Police election turnout fears

Cumbria Constabulary officers
Image caption Cumbria Constabulary covers a vast area

A former chief constable has raised concerns about public awareness of next month's Police and Crime Commissioner (PCC) elections.

Prof Mike Tonge, head of the Institute of Policing and Partnerships at Cumbria University, says poor publicity about the elections will lead to low turnout.

PCCs will be elected on 15 November and replace police authorities in each force area in England and Wales.

They will oversee budgets and hold police chief constables to account.

'Huge change'

Mr Tonge, the former chief constable of Gwent Police, fears the importance of the post will not be reflected in the turnout for the elections.

He said: "This is a huge change in the dynamic of policing and the public really having a stake in selecting someone who's going to hold the police to account in their own areas.

"These areas are huge compared with an MP's constituency so there is a real concern if the turnout is low as predicted.

Image caption Professor Mike Tonge has 30 years of police experience

"Less than one in five people know this is taking place and if we get an 18% turnout it really will cause doubt in terms of the whole principle of electing people to represent the public in holding their chief constable to account."

The Home Office decided against arranging a free postal drop for election information but said the elections and "benefits" of PCCs had been publicised for more than two years.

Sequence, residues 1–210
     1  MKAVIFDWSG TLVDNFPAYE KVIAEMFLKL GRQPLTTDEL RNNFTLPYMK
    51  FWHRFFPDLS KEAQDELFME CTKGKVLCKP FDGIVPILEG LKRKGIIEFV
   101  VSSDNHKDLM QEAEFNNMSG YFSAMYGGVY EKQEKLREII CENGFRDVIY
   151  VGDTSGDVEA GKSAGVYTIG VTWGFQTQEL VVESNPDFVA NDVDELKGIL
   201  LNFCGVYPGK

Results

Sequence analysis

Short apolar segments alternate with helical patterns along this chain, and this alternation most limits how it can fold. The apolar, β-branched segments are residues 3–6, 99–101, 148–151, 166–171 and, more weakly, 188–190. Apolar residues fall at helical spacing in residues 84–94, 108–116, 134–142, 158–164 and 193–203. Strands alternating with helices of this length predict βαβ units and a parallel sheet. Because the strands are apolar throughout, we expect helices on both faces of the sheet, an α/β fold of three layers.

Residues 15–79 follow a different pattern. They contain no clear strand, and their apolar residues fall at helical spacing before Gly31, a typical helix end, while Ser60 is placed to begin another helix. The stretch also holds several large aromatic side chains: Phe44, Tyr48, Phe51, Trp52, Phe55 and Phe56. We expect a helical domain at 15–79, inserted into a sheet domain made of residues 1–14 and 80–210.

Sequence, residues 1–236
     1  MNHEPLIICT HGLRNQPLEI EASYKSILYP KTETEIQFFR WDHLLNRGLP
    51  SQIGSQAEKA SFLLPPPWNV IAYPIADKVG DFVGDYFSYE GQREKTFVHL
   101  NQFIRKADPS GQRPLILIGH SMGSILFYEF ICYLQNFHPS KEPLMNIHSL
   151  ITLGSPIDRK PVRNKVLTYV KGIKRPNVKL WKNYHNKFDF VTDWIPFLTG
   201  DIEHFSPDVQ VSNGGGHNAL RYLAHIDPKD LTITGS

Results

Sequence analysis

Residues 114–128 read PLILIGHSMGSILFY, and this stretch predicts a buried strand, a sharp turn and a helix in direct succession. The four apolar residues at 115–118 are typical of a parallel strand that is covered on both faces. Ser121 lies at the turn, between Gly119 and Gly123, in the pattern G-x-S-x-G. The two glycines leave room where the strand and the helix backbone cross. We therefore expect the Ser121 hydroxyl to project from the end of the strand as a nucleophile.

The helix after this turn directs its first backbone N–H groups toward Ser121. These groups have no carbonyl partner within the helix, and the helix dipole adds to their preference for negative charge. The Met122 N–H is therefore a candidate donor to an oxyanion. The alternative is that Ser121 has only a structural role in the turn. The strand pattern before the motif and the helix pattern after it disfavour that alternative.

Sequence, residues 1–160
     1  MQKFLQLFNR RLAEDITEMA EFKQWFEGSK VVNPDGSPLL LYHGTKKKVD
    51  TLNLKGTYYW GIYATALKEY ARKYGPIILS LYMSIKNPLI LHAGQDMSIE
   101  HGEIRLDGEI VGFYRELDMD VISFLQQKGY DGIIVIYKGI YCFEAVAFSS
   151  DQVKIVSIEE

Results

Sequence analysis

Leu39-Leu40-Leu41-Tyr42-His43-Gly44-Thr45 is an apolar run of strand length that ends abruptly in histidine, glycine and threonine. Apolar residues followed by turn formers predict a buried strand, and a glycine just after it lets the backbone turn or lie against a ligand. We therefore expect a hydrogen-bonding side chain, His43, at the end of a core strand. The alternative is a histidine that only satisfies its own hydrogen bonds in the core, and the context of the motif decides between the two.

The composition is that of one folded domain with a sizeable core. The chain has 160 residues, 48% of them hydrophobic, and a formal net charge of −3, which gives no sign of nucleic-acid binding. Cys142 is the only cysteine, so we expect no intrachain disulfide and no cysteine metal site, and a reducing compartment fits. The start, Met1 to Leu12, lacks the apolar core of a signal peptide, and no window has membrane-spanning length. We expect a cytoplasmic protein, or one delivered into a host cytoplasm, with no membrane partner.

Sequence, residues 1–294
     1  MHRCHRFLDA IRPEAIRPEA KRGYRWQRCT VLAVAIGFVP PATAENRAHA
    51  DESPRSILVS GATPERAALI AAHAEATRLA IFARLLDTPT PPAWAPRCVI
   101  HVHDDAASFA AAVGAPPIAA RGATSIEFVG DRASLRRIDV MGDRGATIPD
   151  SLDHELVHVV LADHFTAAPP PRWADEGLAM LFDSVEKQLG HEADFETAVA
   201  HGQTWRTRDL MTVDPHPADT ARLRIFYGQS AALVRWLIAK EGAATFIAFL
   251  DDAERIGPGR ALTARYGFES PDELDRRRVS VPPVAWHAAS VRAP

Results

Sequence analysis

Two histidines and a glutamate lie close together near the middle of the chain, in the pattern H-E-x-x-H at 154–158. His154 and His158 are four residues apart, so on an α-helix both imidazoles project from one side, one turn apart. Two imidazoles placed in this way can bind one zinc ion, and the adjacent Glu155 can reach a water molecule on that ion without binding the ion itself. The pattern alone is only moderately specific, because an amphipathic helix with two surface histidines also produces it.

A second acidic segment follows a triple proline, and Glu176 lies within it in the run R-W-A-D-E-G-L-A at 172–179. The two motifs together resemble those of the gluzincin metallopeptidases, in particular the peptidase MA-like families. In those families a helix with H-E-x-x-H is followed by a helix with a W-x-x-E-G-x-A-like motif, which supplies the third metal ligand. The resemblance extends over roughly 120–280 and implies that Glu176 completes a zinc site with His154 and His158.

A spokeswoman said: "A national advertising campaign including television and radio adverts launched this month and every registered voter will receive details of a dedicated website with information on each candidate.

"Those details can also be requested in written form through a free phone line which will be included on all election literature."

The television adverts started to appear this week but farmer Harry Hutchinson from Howgill Fells in Cumbria is far from convinced that voters will get enough information.

'Voting duty'

His home does not have internet access and he worries others in his situation will be uninformed about the elections.

Mr Hutchinson said: "I try and vote at every election; it's a duty. But this particular election information is all on the internet and we can't get access to it at all.

"We can't get internet and I must admit I was almost unaware there was going to be an election in Cumbria because of lack of news about it.

Image caption Farmer Harry Hutchinson is worried about a lack of information in Cumbria

"In normal elections there's plenty of publicity, but this time it's not really been covered as far as I can see.

"If everything is going on the internet you're immediately disenfranchising all those non-computer owners."

So far four candidates have announced they are standing for election in Cumbria.

See more on this story on Sunday Politics in the North East and Cumbria on BBC One at 11:15 BST on Sunday

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